13 miles up the Sacramento from
Rio Vista. The good municipal
dock in town provides access to
the Chinese town of Locke and
Walnut Grove. Do take the time
to visit Locke, which is a short
walk upriver. Locke was home
to the Chinese immigrants who
contributed so much to building
California’s early infrastructure.
While visiting Locke, quench your
thirst at Al the Wop’s, which is
housed in a building dating back
to 1915. Al opened his joint in
1934, becoming the first non-Chinese business owner in town.
He was an eccentric character and
started a continuing tradition of
pinning money to the ceiling. So
look upward, check it out, then order the grilled burger on
buttered Texas toast with your favorite brew.
Following lunch, we began a meandering traverse to
the San Joaquin River by requesting a bridge opening at the
northern end of Georgiana Slough and heading south. This
part of the trip has a bit of the feel of the Jungle Cruise at
Disneyland. In place of rhinoceroses, you will see turtles along
the shore, river otters, blue herons, green herons and egrets.
Just past the Tyler Island Swing Bridge and 8 miles from
Walnut Grove, we stopped at Oxbow Marina, our base of
operations for the next couple of days. In particular, we like
the various bike-ride loops that originate there. The Delta
Loop takes you past many of the local marinas, for instance,
each one providing shaded grassy areas to picnic or lounge.
Upon returning, we always cooled off in Oxbow’s swimming
pool prior to barbequing dinner.
This center part of the Delta is fun to explore by dinghy.
We tow a 13-foot Boston Whaler and use it to make day
excursions to wherever the spirit moves us. It also provides
access to those areas we don’t feel comfortable taking the
trawler. We often use it to scout new routes or anchorages
prior to taking the big boat there.
The next several nights we anchored out at various spots
off the San Joaquin, first just 7 miles away in Little Potato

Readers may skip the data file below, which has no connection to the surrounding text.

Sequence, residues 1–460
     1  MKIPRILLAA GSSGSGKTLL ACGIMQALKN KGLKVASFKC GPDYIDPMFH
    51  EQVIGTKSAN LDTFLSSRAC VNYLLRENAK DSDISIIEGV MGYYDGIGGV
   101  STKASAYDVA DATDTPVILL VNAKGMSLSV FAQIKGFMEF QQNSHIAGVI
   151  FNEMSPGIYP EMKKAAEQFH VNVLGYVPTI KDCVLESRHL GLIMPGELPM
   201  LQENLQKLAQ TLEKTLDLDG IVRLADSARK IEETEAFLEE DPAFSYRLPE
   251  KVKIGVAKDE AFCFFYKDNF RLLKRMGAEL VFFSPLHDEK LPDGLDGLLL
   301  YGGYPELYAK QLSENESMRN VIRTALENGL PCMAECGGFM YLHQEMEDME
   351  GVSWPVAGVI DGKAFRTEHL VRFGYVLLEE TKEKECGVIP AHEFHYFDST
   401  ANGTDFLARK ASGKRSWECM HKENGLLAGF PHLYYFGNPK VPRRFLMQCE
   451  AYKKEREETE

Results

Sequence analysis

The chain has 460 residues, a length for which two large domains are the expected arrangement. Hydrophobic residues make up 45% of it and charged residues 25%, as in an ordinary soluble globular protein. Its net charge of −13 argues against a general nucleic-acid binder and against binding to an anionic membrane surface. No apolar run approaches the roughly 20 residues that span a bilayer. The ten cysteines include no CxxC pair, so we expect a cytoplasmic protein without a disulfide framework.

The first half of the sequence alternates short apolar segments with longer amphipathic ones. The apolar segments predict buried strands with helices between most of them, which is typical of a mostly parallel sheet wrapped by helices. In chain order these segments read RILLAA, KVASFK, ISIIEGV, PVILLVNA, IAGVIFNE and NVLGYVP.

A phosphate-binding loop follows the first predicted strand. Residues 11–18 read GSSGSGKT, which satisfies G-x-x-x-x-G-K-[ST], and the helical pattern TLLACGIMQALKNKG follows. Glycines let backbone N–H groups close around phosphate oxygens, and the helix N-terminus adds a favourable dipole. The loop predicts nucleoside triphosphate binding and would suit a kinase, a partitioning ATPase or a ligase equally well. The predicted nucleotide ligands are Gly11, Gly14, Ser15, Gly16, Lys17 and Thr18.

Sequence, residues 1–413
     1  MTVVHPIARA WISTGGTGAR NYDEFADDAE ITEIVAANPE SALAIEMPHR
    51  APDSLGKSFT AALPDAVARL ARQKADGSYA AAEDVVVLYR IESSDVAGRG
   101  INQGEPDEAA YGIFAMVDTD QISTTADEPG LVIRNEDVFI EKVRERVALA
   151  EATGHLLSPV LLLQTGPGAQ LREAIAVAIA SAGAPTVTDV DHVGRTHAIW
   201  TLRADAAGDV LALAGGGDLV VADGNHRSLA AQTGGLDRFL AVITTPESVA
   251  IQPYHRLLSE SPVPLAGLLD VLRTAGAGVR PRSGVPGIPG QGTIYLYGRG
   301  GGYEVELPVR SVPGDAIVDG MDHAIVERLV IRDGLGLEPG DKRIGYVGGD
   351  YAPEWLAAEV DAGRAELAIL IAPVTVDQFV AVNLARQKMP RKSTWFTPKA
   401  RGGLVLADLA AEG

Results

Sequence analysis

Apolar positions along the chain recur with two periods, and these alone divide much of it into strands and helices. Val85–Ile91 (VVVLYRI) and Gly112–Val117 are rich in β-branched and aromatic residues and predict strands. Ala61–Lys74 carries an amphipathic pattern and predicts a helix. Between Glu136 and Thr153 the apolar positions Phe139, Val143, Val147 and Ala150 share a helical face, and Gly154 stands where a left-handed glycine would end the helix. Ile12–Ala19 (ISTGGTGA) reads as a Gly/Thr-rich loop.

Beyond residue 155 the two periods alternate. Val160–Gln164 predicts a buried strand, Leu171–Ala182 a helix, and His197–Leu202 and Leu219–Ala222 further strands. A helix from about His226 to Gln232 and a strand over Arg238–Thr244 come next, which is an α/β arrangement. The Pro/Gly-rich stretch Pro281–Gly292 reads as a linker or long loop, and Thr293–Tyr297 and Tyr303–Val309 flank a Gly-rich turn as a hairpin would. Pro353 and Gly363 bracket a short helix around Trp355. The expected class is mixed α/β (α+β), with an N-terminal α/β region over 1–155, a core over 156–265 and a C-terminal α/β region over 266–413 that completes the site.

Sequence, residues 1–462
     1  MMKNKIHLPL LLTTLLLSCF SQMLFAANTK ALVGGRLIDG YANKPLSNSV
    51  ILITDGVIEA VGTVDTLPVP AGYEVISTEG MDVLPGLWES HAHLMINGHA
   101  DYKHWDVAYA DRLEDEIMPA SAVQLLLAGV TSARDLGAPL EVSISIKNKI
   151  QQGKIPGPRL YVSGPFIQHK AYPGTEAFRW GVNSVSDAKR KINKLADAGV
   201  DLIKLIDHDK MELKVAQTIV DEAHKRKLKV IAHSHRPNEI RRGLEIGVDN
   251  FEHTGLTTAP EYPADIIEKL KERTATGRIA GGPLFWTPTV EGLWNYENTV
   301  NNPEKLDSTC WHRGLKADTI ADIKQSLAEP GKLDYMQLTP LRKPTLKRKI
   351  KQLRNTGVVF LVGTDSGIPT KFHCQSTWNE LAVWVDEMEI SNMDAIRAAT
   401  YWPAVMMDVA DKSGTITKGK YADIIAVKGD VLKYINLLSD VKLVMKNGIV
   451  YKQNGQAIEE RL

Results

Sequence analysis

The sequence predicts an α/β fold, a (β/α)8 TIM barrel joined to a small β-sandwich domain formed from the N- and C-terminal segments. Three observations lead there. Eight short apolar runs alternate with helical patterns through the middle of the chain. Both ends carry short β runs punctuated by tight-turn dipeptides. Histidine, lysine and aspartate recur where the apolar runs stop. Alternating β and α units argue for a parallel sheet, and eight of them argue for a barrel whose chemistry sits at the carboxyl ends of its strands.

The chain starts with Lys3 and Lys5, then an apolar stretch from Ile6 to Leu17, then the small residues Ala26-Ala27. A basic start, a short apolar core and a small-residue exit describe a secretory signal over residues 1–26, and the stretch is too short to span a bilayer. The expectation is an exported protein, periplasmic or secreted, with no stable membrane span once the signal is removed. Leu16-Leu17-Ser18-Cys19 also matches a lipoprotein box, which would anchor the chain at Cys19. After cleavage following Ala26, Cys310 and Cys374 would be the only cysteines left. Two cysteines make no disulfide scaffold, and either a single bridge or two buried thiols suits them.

Slough, accessed in the vicinity of green channel marker 51,
and finally at Mildred Island, just 10 miles away, south of
the San Joaquin River on Middle River. Both anchorages
offer good swimming and a starting point for epic dinghy
explorations of surrounding areas. Midweek, you are likely to
have these anchorages all to yourself. On weekends, they fill
up. Depending on conditions, we sometimes used bow and
stern anchors to control our swing.
Too soon, the day came to head home. Benicia, 40 miles
west, was our one overnight stop on the return journey.
Leaving Mildred Island, we rejoined the San Joaquin River
just after a large freighter passed. We followed the freighter
all the way to Benicia. The freighter continued out the
Gate, while we stopped at Benicia Marina. We arrived early
enough to bike and enjoy the vistas from the Rim of the Bay
trail to Glen Cove Marina and back. Upon returning, we
showered, ate dinner and headed to the park for the Friday
“Movie Night under the Stars.” This is a great local tradition,
and the park fills with families who come to enjoy a picnic,
popcorn and a movie on a warm California evening.
Stopping in Benicia also set us up for a smoother crossing
of San Pablo Bay, as the winds are lightest in the morning.
They typically build to about 25 knots in the afternoon, so we
were up at sunrise to cover the final 21 miles back to San
Rafael. We experienced moderate wind chop on the return
voyage as we chased the fog back toward the coast. East
Brother’s Lighthouse came into view, indicating we were
almost home. Safely back in our slip before noon, we began
the process of cleaning up but also updating our wish list of
where to cruise next.
Trawler: 140 miles
Dinghy: 80 miles
Diesel Used: 70 gallons at
$4.04/gal = $282.80
Rio Vista, Delta Marina
Little Potato Slough
The author lives up to the spirit of Hal Schell’s old cruising guide
to the region Delta Dawdlin’. Below cruisers buddy-boat on the
Sacramento River between the city and Isleton. That picture was
taken by Bill Wells of the Delta Chambers & Visitor’s Bureau.
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